A Fat Girl's Self-Awareness

Heather McCartney

© Copyright 2003 by Heather McCartney


Photo of a puffer fish (c) 2003 by Richard Loller.

There is a fat girl in every school. If there is not a fat girl at your school, you must live in Ethiopia and be a group of highly undernourished students, because the news has made it quite clear how rampant obesity is these days. The fat girl is another one of those stereotypical staples to be seen everywhere. She’s right up there with Miss Popularity, the guy who wore all black, and the kid who ate paste. A necessity in the American public school system.

I was that fat girl.

I began packin’ on the pounds around middle school. This is what my parents politely referred to as baby fat. “It’ll go away after puberty,” I was assured after they made me stop wearing my Aladdin bikini. It is during these years, when a surprising creativity spurted up among my eleven year old classmates. Apparently, boys pop out with the ingrained knowledge necessary to make any child’s name into something insulting. This usually works best with chubby children. For instance, the numerous adjectives describing obesity gave these boys the fuel to blacken any name. Portly. Chunky. Heavy. Plump. Overweight. Broad. Stout. Round. Fleshy. The list goes on. Little boys who didn’t even know the grammatical functions they were using, made alliterations and rhymes for fat kid nicknames. Shamu Sheila. Tubby Tommy. Fatty Kathy. I was cleverly nicknamed Heifer. Join this with my last name (which they simply substituted one letter for another) and I became Heifer McFartney.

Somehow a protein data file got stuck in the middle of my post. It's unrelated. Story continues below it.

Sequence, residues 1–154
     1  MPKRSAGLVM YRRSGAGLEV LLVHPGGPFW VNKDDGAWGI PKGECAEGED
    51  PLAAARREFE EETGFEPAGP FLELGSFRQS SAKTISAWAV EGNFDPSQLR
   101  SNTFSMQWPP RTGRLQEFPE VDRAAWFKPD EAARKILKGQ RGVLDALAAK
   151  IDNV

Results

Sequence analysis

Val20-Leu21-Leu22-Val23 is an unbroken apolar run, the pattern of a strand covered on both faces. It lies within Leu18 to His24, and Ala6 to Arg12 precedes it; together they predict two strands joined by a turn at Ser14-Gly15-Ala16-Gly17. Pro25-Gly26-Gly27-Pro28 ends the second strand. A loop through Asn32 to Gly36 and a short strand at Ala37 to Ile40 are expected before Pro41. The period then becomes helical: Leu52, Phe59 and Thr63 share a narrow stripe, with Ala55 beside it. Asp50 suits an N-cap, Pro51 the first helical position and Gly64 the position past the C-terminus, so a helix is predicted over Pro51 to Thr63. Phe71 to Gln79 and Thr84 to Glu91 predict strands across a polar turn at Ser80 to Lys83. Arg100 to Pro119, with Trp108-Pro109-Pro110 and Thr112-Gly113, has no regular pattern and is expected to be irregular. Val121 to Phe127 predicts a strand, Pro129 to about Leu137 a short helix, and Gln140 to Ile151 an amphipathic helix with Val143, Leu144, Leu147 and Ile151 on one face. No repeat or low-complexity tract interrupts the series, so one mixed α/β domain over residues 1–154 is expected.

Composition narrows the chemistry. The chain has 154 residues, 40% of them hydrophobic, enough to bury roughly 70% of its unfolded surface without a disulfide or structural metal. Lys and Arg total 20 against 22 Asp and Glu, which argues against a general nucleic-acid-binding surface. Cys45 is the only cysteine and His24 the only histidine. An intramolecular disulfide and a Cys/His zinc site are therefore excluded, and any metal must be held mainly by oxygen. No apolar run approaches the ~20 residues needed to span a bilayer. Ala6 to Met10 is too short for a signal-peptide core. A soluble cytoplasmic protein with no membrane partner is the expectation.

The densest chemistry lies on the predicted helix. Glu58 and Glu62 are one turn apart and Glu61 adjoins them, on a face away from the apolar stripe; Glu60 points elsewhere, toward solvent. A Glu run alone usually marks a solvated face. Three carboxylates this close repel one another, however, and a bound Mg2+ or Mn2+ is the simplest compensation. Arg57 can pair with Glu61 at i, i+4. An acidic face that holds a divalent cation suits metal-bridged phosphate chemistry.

What a joyous time adolescence was.

When faced with hurtful insults like these, you are given two choices—despite what your parents claim. You can either let them continue to hurt you (because ignoring them will not make it stop), or you can hurt them before they can hurt you (cue evil genius laugh). In order to chose the latter, you must possess a few inherent skills to succeed rather than appearing stupid. 1. You have to be cleverer than your attackers. Being one step ahead of these kids is absolutely necessary. Nothing shuts a kid up like a sharp and painful retort. 2. You must be able to hurt their feelings, and be okay with it.

It’s a sad fact, but kids insult other kids to make themselves feel good. And if someone knows that the fat kid will insult back, they’re not going to risk their self-esteem for a single jab—thus drastically lowering the insults the clever fat kid receives. Heifer McFartney was no more.

With this new found skill I acquired to defend myself against insults, I also began to realize that I could make people laugh. If I put down the new kid’s bright orange hair, I made the class laugh, and this felt good. I soon fell into the trap of my initial instigators.

Now that I look back at my adolescence, I was a twelve year old bitch. I made people’s lives miserable. Little did I know, every time I made fun of the pimple-faced girl; she cried. I went through middle-school thinking I had friends. I didn’t. My best friend hated me. Kids were afraid of what I’d say about them. I wasn’t even aware of it, until my best friend admitted she hated me.